IT IS an opportunity to discover a whole new world, making it one of the most popular events in the school calendar – children at King’s Ely Acremont heard tales from all over the globe when international students paid them a visit during the school’s annual Book Week.

Ten students from King’s Ely International, which provides intensive academic courses for around 55 international students each year, enthralled Year 2 children with stories and fairy tales spoken in their native language, including Korean, Spanish, Chinese, Kazakh, German and Taiwanese.

With the use of mime and objects, including an exquisite traditional dress from Korea, the children were fully engaged and eager to learn more about the countries the international students came from. They posed a wide range of questions and there was sheer amazement that money in China was made from plastic, making it impossible to rip!

The aim of the annual event is twofold: to help the international students integrate into the local community and to promote the cultural understanding and skills that young people today need to live and work as global citizens.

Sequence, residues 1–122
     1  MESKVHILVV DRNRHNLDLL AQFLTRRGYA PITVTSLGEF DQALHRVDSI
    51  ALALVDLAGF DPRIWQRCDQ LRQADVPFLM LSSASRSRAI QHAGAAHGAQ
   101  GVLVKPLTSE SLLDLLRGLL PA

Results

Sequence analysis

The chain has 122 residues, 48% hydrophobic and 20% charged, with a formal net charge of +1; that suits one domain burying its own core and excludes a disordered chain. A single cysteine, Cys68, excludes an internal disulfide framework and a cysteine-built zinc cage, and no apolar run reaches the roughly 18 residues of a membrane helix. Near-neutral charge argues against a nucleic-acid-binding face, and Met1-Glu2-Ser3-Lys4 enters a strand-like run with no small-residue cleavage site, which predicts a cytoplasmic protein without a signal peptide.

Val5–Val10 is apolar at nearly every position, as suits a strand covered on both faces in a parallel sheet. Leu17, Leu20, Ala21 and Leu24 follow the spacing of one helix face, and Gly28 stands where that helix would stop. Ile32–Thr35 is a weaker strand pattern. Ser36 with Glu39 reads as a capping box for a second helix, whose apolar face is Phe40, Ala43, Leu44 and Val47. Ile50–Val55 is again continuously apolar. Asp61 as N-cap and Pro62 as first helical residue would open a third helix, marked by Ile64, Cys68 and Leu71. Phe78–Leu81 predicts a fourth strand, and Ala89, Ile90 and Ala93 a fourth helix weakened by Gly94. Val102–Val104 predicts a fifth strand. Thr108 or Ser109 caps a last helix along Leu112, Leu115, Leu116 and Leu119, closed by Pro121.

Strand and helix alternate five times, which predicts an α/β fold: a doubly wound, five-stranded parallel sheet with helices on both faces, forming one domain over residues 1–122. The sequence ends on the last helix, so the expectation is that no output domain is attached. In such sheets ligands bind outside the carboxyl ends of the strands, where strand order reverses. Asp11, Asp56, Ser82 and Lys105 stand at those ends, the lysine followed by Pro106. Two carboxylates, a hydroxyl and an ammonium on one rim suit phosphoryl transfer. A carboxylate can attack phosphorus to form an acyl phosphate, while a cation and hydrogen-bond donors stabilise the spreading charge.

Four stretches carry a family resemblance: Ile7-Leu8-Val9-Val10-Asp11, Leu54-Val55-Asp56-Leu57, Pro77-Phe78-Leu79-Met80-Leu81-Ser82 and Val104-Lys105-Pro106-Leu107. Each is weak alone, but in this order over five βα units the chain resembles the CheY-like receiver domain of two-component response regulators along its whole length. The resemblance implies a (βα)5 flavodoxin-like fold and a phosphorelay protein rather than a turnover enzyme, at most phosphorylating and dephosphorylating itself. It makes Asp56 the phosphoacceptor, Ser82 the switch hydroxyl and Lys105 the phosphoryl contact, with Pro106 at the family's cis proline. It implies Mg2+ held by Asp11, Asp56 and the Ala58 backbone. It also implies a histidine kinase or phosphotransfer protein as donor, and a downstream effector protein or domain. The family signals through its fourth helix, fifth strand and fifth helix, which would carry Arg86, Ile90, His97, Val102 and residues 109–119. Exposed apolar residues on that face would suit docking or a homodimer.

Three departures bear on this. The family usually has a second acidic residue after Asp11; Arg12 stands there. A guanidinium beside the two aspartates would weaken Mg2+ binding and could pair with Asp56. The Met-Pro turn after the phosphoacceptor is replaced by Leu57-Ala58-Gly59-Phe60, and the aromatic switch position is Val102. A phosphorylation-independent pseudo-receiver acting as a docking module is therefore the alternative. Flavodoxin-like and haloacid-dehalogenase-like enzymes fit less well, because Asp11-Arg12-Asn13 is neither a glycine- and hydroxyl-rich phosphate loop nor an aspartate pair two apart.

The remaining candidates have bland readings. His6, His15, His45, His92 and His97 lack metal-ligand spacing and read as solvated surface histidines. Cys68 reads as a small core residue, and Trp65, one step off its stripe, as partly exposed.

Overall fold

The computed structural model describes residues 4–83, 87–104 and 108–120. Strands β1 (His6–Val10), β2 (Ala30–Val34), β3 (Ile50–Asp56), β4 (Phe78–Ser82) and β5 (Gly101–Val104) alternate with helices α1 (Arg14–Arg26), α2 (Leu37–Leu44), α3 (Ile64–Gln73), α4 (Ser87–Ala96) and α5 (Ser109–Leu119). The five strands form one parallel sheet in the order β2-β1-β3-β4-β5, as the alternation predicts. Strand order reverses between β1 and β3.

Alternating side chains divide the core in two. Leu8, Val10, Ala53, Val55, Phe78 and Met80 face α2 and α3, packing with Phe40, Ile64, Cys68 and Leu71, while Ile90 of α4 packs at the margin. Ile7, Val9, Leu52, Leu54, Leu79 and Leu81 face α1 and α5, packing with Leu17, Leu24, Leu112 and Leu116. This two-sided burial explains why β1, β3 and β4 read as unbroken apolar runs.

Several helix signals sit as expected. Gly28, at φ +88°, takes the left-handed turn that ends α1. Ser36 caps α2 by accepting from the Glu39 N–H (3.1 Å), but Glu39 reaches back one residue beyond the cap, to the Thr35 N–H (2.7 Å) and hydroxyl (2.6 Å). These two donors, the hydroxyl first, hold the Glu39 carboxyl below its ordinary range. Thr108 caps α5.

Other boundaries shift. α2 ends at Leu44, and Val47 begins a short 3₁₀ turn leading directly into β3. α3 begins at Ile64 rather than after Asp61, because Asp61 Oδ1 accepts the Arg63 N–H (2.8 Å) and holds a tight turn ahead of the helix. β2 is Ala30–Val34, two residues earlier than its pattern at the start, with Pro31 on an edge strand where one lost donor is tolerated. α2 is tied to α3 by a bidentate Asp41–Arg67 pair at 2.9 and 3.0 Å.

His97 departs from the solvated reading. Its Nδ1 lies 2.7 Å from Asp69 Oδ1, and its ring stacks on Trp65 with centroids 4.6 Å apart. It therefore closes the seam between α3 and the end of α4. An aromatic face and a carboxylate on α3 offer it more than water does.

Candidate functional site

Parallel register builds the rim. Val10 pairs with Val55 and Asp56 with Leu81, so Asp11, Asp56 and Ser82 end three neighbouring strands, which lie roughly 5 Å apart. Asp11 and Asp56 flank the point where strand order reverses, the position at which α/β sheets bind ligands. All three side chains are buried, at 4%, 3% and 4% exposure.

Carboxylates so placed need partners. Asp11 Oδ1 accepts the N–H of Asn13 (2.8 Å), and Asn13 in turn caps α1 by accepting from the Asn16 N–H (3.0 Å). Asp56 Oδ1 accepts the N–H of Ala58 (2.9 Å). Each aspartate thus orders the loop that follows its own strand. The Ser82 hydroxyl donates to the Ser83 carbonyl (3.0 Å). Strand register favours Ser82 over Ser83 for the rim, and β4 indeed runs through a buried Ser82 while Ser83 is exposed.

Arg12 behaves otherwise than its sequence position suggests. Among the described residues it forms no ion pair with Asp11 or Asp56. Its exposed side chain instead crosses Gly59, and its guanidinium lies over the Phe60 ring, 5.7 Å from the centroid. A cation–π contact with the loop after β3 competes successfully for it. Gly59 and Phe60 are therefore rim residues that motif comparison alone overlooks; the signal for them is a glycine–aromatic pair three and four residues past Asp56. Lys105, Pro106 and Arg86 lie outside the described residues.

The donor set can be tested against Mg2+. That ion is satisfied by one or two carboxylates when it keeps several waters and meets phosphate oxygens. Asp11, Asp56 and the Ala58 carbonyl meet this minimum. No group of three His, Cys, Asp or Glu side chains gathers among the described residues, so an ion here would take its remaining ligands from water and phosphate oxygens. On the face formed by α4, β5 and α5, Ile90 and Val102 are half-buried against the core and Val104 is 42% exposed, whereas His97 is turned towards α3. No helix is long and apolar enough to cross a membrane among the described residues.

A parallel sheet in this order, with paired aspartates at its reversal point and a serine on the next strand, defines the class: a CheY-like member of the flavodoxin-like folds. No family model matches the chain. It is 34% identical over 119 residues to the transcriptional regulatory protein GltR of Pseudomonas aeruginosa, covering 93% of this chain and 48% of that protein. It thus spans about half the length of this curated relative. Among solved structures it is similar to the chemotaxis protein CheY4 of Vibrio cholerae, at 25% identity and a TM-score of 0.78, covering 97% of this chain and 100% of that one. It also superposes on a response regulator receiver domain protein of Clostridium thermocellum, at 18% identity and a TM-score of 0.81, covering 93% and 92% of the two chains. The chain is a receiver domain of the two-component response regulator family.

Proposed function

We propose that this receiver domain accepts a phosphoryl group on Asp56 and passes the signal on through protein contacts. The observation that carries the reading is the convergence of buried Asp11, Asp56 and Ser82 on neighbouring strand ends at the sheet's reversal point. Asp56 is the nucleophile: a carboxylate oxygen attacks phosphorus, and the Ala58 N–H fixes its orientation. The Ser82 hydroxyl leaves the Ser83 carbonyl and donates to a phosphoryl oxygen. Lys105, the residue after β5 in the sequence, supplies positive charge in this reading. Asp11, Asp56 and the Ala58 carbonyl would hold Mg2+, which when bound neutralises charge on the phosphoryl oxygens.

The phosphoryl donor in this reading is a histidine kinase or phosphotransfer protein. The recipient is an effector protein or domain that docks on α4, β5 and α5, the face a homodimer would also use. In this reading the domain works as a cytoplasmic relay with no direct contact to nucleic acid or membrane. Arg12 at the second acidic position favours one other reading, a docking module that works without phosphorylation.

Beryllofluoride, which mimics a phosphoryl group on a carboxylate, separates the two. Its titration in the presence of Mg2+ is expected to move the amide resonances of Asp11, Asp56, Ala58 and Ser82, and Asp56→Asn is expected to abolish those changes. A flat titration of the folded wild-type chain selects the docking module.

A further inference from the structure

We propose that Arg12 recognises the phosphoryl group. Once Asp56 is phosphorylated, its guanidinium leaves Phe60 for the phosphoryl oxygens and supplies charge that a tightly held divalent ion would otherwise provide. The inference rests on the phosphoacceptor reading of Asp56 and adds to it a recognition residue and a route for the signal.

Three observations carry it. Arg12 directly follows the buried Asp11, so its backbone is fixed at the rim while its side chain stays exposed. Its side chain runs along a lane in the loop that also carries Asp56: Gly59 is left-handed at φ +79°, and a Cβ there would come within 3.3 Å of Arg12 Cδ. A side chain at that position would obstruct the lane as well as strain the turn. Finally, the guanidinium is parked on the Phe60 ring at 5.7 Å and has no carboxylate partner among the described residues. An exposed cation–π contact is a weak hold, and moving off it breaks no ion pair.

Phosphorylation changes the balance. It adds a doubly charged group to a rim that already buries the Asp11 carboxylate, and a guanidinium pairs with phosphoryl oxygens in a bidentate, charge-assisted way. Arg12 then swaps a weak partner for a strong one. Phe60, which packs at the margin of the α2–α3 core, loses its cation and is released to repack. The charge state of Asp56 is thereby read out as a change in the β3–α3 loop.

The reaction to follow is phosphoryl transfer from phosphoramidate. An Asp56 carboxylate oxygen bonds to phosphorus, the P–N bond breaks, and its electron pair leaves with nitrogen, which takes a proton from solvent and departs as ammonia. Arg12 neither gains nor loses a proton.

“Book Week at Acremont is always a marvellous opportunity to celebrate King’s Ely International’s rich cultural diversity,” commented Sarah Bellotti, Director of King’s Ely International.

“Both our international and younger pupils are enriched by the experience, which highlights not only what is different in language but, more surprisingly for some, what is also very similar in culture: the Three Little Pigs, for instance, is a story told all over the world.”

Principal, Sue Freestone, added: “One of the strengths of King’s Ely is the opportunity for integration across what may be perceived as barriers in other contexts. Students from all over the world have an opportunity to realise that the shared experiences of life that bind communities far outweigh the perceived differences that divide them. The birth of that understanding cannot happen early enough and the value of the work our King’s Ely International students do with the children in King’s Ely Acremont is incalculable for all concerned.”

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